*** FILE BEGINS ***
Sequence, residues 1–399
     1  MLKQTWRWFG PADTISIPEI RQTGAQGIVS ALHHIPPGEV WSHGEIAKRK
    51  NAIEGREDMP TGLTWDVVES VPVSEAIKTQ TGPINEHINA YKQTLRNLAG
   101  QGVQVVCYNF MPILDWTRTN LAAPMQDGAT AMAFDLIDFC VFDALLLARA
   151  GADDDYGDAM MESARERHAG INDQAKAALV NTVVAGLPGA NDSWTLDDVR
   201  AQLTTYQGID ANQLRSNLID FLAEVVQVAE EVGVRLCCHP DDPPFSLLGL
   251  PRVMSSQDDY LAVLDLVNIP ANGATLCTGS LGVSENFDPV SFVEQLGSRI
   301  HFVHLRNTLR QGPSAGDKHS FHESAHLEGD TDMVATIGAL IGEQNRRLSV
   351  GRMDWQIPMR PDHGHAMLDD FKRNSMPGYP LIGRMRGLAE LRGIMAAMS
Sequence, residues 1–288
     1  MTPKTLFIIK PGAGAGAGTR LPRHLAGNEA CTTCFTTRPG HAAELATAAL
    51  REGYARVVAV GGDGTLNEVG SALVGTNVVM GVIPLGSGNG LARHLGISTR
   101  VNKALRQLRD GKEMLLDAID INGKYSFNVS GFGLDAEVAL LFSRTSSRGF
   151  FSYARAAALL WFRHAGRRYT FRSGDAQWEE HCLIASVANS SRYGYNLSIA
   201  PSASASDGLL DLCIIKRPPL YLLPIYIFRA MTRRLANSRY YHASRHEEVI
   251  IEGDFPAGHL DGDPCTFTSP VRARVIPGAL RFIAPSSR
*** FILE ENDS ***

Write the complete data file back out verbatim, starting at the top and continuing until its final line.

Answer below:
Sequence, residues 1–399
     1  MLKQTWRWFG PADTISIPEI RQTGAQGIVS ALHHIPPGEV WSHGEIAKRK
    51  NAIEGREDMP TGLTWDVVES VPVSEAIKTQ TGPINEHINA YKQTLRNLAG
   101  QGVQVVCYNF MPILDWTRTN LAAPMQDGAT AMAFDLIDFC VFDALLLARA
   151  GADDDYGDAM MESARERHAG INDQAKAALV NTVVAGLPGA NDSWTLDDVR
   201  AQLTTYQGID ANQLRSNLID FLAEVVQVAE EVGVRLCCHP DDPPFSLLGL
   251  PRVMSSQDDY LAVLDLVNIP ANGATLCTGS LGVSENFDPV SFVEQLGSRI
   301  HFVHLRNTLR QGPSAGDKHS FHESAHLEGD TDMVATIGAL IGEQNRRLSV
   351  GRMDWQIPMR PDHGHAMLDD FKRNSMPGYP LIGRMRGLAE LRGIMAAMS
Sequence, residues 1–288
     1  MTPKTLFIIK PGAGAGAGTR LPRHLAGNEA CTTCFTTRPG HAAELATAAL
    51  REGYARVVAV GGDGTLNEVG SALVGTNVVM GVIPLGSGNG LARHLGISTR
   101  VNKALRQLRD GKEMLLDAID INGKYSFNVS GFGLDAEVAL LFSRTSSRGF
   151  FSYARAAALL WFRHAGRRYT FRSGDAQWEE HCLIASVANS SRYGYNLSIA
   201  PSASASDGLL DLCIIKRPPL YLLPIYIFRA MTRRLANSRY YHASRHEEVI
   251  IEGDFPAGHL DGDPCTFTSP VRARVIPGAL RFIAPSSR